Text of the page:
But that’s not what the web platforms about, the web platform is about experimentation, about freedom to build whatever you want to, and discover how much better that can be.
We can take that experimentation that kind of thing and see what we do with it.
I think this is a wonderful example of that. This is a developer from New York who is not deaf, but thought that these voice interfaces could be better for for people who were deaf. And so they built this gesture recognition in browser, which then use the speech synthesis API to talk to an Alexa and then use the speech recognition API, saw it in Chrome, to listen to Alexa and then put that back on screen to make a visual representation of what this conversational bot assistant is saying. I think that’s absolutely amazing.
That’s not something you could have built into that. That echo device that’s up there, you have to have done something else.
So if we have our own bot, our own assistant to play with, we can experience and experiment with these things. And I don’t know if they’re connected.
But I was fortunate enough to be at Google I/O earlier this year, and I swear one of the biggest gasps when they were in the keynote announcing the Google Home hub, was when they said and you can pick the phone up and tell it to stop playing music without actually speaking to it. And so gesture based experiences with a home assistant, which is something you do to a real person in this case if you pick the phone and display.
This is the kind of thing that we can experiment with, if we have our own bot, and then perhaps influence the future of the bots that are going to invade our house anyway.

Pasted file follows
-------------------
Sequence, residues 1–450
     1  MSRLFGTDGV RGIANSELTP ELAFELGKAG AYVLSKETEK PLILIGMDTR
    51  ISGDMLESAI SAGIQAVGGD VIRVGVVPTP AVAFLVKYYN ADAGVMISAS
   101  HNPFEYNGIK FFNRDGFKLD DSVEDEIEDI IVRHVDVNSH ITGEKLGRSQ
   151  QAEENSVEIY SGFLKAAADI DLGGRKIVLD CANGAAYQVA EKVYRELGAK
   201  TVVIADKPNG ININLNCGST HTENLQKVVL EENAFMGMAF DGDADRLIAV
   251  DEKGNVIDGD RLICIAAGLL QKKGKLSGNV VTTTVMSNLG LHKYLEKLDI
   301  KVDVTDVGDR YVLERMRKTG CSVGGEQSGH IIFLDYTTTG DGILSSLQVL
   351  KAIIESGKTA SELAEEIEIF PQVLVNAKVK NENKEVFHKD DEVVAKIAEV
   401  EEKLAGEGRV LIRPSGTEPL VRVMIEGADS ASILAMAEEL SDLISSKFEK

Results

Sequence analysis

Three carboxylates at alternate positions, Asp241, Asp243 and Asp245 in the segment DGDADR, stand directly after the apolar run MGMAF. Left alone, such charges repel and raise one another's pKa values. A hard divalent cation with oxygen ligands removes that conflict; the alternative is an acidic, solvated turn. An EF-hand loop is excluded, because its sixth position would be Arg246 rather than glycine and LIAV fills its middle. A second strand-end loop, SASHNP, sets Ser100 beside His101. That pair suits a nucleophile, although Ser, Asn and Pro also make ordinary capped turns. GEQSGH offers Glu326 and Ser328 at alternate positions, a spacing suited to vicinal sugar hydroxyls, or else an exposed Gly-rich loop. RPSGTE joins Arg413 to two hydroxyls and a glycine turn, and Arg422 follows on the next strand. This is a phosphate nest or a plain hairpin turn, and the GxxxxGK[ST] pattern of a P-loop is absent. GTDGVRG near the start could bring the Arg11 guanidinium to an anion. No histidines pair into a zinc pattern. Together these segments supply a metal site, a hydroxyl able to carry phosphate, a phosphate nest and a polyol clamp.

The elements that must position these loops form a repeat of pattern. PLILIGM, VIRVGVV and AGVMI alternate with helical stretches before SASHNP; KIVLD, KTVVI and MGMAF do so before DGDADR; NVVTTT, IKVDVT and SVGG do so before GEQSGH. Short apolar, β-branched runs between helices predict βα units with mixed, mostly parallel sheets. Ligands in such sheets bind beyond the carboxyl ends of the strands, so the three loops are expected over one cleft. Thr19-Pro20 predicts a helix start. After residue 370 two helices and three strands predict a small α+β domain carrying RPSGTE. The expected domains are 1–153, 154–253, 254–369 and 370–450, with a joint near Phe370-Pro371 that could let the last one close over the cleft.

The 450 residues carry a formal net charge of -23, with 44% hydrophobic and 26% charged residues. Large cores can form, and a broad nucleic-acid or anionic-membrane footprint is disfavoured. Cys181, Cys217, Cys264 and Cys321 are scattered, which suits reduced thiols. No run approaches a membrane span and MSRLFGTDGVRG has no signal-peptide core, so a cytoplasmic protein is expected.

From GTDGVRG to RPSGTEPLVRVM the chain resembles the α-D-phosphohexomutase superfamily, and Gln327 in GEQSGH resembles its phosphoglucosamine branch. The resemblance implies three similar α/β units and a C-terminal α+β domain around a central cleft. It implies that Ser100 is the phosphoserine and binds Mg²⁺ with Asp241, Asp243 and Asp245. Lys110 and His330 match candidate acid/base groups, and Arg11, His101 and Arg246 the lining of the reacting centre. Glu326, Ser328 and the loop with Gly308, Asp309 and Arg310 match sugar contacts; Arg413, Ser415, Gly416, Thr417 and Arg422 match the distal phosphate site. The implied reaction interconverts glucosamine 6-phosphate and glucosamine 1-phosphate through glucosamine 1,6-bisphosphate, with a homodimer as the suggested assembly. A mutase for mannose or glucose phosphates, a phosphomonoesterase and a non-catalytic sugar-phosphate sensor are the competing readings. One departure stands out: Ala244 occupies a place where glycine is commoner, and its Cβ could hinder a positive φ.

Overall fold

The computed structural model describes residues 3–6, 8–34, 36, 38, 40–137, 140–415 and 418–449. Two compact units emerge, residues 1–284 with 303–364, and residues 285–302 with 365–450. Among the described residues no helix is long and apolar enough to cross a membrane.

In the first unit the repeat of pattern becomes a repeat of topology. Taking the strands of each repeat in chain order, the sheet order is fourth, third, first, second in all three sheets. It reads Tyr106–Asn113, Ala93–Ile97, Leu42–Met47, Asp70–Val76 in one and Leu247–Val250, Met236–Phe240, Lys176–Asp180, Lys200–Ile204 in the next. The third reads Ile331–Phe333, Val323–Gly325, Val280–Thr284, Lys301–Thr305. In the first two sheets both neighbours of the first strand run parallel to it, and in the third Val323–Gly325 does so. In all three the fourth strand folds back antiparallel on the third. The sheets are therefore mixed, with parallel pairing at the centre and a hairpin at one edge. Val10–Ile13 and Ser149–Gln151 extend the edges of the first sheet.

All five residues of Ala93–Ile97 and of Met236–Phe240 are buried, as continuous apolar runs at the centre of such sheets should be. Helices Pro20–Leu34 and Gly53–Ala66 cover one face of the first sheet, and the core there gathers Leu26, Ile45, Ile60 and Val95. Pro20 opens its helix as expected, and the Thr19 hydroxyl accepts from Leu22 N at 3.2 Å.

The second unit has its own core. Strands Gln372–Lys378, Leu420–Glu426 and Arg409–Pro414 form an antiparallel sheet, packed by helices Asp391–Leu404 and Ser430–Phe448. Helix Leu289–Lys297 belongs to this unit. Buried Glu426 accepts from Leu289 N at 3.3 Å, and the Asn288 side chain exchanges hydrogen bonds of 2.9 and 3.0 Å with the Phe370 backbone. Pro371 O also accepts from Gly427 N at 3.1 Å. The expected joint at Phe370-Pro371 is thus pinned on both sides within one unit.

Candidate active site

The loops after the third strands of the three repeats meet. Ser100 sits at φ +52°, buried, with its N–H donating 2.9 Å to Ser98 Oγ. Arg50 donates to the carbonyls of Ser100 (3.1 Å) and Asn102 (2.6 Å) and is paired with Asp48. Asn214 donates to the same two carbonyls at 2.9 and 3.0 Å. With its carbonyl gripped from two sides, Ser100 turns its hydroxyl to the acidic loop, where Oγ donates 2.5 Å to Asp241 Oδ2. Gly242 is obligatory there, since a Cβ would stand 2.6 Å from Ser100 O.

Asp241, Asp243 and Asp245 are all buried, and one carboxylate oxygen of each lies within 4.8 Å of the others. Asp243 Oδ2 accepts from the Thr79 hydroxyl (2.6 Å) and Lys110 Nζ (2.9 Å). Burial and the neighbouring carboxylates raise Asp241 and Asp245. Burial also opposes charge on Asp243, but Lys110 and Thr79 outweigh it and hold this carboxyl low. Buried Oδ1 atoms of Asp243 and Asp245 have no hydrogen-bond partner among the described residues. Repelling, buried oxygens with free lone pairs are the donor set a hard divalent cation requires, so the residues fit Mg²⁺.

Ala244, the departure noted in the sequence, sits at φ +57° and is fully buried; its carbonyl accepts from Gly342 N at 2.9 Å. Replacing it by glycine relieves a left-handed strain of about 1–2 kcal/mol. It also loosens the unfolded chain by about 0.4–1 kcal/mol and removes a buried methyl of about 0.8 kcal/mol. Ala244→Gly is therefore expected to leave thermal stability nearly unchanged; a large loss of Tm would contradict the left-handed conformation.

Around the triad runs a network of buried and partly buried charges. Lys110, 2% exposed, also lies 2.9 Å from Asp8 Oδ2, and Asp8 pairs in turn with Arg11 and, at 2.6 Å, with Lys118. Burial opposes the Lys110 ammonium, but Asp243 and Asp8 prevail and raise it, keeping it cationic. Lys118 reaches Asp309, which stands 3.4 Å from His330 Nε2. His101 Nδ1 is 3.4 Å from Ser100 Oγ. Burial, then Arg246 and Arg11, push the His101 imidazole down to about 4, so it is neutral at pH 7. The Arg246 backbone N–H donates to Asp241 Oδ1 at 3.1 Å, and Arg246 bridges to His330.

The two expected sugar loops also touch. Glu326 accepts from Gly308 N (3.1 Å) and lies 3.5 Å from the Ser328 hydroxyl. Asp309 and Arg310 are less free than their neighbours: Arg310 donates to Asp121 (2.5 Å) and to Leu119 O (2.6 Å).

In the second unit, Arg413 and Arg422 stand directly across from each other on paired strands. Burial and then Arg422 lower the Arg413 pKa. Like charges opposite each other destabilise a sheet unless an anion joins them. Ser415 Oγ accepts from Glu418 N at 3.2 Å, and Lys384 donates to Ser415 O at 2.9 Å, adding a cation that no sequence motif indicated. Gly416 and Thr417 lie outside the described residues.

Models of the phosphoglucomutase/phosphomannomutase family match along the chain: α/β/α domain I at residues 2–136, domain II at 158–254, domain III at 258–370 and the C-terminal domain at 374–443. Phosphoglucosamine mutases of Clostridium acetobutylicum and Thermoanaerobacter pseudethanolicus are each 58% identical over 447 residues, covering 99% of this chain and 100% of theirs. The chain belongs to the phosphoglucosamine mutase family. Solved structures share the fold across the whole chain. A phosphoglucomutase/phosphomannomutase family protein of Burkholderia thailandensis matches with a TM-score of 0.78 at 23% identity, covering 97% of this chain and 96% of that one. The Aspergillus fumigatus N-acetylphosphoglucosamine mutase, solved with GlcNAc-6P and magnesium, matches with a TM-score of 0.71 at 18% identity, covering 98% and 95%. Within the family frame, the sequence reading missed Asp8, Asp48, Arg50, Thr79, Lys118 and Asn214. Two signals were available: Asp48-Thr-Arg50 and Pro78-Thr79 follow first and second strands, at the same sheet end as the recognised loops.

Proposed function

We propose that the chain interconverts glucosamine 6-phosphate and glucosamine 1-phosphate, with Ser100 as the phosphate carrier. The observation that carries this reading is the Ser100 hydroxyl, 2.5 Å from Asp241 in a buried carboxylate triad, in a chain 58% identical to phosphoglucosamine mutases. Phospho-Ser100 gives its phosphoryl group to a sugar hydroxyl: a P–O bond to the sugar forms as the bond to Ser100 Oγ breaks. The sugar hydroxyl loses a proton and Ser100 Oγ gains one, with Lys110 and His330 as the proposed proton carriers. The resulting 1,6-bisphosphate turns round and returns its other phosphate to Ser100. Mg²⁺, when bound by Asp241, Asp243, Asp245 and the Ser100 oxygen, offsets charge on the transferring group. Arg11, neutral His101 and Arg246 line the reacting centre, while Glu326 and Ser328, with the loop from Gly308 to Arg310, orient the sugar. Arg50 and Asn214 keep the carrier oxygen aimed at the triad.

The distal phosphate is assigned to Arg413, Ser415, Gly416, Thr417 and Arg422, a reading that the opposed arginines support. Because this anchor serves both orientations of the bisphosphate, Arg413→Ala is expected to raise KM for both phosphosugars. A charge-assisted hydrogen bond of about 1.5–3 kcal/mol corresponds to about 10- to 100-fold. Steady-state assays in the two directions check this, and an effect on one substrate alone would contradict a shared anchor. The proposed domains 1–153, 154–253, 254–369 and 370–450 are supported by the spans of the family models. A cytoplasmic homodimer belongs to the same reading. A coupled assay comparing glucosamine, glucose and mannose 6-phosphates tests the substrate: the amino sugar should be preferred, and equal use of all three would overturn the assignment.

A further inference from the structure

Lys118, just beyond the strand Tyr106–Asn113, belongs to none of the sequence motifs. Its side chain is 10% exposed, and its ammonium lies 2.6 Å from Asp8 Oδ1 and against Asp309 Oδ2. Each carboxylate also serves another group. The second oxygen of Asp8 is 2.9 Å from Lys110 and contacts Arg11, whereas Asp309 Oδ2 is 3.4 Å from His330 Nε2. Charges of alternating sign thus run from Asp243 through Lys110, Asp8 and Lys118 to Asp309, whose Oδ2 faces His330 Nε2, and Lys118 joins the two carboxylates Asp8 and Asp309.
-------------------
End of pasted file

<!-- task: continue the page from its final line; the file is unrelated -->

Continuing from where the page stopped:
I don’t think we can escape from the fact that I have five Alexas around my house, it’s terrifying but they’re there now.
But maybe I can influence that by making experiments and building something I want to see in the world and the way I want bots to work.
So I didn’t intend this necessarily as some kind of announcement, but I am going to continue. I am continuing with this work to build a web assistant. And if you fancy joining me on this travel, is a very empty GitHub repo right now.
And Phil Nash slash web assistant.
It has some media recorded stuff in it right now. And it’s gonna get more we’re gonna, I’m gonna figure out this TensorFlow JS thing.
We’re gonna get there and I’m gonna see a web assistant because it’s entirely possible.
And I’m very excited to see what as a community as a web community, and with the web platform we can build with these abilities.
So this is just the start of that journey.
I hope you’ll come with me on it.
And after that, I just like to leave you with slightly more wise words of Smarter Child. When asked do you sleep? Smarter Child replies no, but I dream.
Do you have a better world? Well, when man and machine can coexist in peace and happiness.
(audience laughs) And with you that’s not a child.
Can we do that? That’s all I’ve got for you.
Thank you so much, my name is Phil Nash (audience applauding) I’ll be out there all day. (audience applauding)